The most common way to grow potatoes is to use "seed potatoes", sprouted potatoes saved from last year's crop or purchased from a reliable source. Since the tuber is not a fruit that results from pollination, this method creates plants that are genetically identical to the parent plant. (Clones!!!!) This gives you dependable results but there are some worries about depending on a relatively small selection of genetic material when potato diseases and pests are constantly evolving. For my first attempt anyway, I'm using seed potatoes.
I bought "Red Thumb" and "Nicola" from the Landreth booth the Boston Flower and Garden Show and I had a few leftover fingerling types from a local organic farm. I would avoid using any old potato from the grocery store - some are sprayed with chemicals or can harbor diseases that you don't want to introduce into your home garden. Many gardeners have a method for "chitting" or sprouting their seed potatoes that involves special temperatures and light requirements. I forgot mine in the basement and they sprouted just fine. I just wish I had taken them out of the mesh bag first.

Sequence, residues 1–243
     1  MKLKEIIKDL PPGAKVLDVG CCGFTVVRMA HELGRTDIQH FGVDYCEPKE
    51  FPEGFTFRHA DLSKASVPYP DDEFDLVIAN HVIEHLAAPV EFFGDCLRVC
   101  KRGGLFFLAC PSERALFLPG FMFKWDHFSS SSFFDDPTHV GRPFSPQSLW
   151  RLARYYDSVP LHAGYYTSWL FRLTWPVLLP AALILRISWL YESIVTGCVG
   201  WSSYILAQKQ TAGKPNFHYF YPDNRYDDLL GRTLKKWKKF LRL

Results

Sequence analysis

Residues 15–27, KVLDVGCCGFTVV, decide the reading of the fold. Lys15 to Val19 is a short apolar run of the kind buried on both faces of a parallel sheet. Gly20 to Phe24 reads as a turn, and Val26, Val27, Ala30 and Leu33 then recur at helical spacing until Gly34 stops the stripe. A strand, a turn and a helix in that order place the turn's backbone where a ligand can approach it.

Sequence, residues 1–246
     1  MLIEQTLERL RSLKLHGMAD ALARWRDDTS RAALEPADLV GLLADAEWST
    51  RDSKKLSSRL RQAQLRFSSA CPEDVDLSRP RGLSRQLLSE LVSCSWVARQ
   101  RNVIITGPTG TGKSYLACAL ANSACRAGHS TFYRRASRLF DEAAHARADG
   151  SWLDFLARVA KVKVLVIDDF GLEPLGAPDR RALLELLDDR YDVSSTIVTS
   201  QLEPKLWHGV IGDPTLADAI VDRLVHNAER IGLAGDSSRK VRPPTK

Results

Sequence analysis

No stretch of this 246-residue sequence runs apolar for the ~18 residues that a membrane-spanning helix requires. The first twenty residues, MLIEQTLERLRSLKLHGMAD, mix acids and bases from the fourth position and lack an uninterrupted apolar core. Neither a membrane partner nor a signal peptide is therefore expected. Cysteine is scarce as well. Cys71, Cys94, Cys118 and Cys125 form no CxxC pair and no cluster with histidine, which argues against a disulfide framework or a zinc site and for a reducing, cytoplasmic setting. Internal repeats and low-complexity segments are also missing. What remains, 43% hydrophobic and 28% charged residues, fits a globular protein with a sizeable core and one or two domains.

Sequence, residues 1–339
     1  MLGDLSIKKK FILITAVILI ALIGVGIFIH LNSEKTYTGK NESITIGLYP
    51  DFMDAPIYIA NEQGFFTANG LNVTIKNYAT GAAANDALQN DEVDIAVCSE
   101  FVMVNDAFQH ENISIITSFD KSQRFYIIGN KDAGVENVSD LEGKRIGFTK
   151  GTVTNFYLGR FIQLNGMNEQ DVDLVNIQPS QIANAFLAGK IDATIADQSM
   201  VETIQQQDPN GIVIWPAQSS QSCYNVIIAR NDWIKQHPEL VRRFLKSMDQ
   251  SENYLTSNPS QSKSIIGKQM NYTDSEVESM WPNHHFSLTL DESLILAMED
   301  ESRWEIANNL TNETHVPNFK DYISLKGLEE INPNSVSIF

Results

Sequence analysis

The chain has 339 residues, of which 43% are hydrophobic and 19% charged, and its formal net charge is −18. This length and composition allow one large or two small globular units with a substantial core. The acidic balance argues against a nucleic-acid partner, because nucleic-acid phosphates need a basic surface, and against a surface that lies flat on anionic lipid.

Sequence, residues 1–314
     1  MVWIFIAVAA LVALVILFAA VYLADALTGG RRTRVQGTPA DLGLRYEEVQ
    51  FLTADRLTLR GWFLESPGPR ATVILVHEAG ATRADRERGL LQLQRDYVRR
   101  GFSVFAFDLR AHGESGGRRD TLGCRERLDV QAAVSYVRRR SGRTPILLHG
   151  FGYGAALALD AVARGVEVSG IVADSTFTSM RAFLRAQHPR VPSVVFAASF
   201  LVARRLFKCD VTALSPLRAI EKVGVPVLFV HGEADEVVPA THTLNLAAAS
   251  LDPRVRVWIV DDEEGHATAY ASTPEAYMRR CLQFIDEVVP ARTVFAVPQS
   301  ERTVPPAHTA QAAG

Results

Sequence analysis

I used the potatoes with the most vigorous, stocky sprouts. I cut a few of the larger potatoes in half, keeping a few sprouts on each piece. Cut potatoes should be allowed to dry at least over night so they can heal over a little before planting. I put mine in a paper egg carton because that seems to be what everyone else uses.
I want to grow fancy little fingerling potatoes, so I can space them closer than if you were hoping for big ones. I put 12 plants in a 6 x 3ft bed, which is still probably closer together than advisable. We'll see how it goes.
I dug two deep trenches and placed the seed potatoes sprouts side up. I only filled in the trenches half way when I covered them so that I have soil available for hilling in a few weeks. I'm also really trying to keep up with labelling things this year.